Arguably the most commonly implied volatility benchmark is the VIX over the S&P 500. The VIX index often rises amid market turbulence and increasing uncertainty, despite "a measure of fear. fear "tends to increase in mass sell-offs. In return, the VIX index usually has a strong inverse relationship with the S&P 500.

The OVX index, which reflects the expected 30-day volatility in crude oil prices, provides an example of another commonly considered implied benchmark level. Crude oil prices and stocks react similarly to the worsening of risk appetite, so it is not surprising that crude in relation to market sentiment often maintains a negative correlation with both the VIX and the OVX indices...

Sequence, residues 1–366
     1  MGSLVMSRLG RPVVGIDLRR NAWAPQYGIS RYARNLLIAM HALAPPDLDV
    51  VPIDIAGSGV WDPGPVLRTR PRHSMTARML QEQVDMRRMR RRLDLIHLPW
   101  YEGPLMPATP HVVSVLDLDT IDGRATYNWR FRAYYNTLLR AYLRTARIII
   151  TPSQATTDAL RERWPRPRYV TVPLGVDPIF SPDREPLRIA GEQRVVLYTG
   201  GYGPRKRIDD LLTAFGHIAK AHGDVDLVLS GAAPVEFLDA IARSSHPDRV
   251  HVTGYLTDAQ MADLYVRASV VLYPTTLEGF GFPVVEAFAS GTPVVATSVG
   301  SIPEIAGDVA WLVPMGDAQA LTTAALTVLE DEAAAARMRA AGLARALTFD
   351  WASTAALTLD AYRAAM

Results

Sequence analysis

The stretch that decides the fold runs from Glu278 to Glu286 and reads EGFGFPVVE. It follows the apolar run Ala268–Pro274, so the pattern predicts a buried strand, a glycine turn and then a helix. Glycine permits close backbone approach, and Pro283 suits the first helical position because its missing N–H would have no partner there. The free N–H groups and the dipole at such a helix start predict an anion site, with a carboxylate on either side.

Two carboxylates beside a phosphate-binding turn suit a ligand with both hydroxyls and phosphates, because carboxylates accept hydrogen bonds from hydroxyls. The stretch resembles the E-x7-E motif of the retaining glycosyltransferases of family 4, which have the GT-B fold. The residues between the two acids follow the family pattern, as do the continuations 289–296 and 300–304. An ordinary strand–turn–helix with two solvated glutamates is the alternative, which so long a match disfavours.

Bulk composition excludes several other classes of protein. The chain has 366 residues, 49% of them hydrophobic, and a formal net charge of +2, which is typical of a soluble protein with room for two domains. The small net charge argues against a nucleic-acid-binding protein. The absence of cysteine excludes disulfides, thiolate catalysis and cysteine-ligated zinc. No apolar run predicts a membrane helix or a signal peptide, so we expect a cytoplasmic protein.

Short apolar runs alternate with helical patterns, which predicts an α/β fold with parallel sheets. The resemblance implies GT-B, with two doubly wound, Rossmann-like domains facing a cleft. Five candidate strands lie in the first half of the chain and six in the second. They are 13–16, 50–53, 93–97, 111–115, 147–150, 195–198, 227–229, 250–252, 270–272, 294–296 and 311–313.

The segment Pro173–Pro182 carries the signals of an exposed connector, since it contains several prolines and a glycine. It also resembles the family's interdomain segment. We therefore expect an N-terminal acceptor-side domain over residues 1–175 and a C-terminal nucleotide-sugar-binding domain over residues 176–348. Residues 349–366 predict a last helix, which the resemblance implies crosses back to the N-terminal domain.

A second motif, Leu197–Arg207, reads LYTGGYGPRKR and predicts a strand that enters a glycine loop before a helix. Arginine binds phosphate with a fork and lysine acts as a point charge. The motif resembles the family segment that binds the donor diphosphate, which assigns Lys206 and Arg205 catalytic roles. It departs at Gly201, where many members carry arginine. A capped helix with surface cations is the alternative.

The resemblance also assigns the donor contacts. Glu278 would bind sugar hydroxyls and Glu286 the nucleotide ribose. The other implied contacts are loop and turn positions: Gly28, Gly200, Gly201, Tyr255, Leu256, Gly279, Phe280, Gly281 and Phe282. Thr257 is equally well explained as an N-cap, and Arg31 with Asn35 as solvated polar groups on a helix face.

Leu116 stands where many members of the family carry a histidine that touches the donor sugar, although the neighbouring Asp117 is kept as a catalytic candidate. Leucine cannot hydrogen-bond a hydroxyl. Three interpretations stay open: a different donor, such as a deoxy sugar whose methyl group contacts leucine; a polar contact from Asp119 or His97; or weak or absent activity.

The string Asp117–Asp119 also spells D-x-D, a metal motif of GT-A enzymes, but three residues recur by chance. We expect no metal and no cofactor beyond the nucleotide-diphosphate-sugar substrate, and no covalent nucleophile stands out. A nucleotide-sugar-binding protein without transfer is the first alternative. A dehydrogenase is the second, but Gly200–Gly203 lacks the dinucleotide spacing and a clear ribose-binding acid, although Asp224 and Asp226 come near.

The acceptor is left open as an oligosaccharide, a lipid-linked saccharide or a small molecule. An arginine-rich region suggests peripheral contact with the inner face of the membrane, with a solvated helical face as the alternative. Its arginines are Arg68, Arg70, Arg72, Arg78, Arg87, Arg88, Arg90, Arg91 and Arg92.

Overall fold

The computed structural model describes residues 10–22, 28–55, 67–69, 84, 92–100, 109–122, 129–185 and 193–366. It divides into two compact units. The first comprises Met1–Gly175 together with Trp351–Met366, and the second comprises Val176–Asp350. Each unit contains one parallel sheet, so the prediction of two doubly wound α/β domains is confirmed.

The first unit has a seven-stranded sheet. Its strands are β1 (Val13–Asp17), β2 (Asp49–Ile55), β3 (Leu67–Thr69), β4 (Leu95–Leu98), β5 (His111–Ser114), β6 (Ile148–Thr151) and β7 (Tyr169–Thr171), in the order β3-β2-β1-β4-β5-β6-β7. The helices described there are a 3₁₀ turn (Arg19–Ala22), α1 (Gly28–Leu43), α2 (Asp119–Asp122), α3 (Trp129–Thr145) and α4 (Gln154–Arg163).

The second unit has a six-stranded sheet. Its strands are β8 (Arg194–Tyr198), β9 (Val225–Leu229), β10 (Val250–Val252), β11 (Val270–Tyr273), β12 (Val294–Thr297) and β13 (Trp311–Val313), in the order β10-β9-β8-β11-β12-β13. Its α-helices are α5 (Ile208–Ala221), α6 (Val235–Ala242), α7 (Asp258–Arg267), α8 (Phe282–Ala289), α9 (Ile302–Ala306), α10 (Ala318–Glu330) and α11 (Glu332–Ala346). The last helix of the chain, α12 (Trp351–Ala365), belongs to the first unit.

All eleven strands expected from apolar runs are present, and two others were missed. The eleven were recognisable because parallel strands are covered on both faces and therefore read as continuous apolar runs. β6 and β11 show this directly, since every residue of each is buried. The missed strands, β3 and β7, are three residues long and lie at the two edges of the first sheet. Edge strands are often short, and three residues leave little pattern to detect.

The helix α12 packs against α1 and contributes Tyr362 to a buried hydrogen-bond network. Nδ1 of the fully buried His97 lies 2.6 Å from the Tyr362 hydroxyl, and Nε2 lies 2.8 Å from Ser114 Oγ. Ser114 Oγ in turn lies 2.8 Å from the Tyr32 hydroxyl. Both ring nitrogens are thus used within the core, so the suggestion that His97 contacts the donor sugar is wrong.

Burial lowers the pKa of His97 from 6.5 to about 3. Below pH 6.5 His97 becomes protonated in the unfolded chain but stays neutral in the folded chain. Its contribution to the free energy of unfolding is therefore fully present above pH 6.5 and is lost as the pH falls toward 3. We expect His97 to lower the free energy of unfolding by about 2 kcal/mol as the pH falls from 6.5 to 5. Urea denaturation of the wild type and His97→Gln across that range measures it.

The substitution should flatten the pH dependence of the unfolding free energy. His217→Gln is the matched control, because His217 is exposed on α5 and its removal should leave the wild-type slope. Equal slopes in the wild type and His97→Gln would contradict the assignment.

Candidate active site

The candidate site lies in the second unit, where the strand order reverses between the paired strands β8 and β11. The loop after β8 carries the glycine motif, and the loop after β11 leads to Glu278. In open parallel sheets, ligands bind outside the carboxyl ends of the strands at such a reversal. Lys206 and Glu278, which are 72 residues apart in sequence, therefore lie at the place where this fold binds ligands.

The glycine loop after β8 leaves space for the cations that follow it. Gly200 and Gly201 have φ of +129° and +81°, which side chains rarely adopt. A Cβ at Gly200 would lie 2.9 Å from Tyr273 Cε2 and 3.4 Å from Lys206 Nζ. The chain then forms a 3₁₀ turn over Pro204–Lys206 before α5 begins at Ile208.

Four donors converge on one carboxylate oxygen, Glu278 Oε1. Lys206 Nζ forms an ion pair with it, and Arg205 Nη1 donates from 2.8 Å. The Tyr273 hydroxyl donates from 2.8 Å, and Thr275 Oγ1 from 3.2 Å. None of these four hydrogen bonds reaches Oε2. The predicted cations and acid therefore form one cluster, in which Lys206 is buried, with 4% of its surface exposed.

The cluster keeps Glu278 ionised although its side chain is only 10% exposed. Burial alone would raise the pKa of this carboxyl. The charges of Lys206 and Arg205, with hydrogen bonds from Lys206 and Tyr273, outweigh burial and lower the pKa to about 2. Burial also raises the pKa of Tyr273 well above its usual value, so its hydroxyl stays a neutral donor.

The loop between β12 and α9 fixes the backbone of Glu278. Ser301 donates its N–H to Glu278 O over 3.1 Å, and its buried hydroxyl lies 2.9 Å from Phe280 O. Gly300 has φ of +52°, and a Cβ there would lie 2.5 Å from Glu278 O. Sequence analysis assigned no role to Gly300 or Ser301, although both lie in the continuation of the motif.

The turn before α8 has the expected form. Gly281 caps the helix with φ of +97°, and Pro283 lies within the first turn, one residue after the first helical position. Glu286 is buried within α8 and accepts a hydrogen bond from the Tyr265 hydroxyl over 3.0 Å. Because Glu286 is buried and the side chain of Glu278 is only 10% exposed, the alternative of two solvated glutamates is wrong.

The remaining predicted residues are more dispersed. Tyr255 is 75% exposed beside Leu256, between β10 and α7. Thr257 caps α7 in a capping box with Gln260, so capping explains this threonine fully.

Although this inverse relationship is often observed between the price of an asset and its measure of implied volatility as a general rule, it is not always true and has some of the most exceptions. concentration.

The correlation of price with the implied volatility is dynamic, meaning it is constantly changing, corresponding to a relative strengthening or weakness from their historical volatility.

Similarly, when it comes to common safe-haven assets, it is possible to show a direct relationship between price and implied volatility.

For example, the US Dollar Index (DXY) is generally trending up and down of expected currency volatility (FXVIX).

In addition, a positive correlation is often reflected by the price of gold and the volatility of gold price (GVZ).

These examples help to illustrate the value that implied volatility can bring when combined into other comprehensive macro approaches and trading strategies.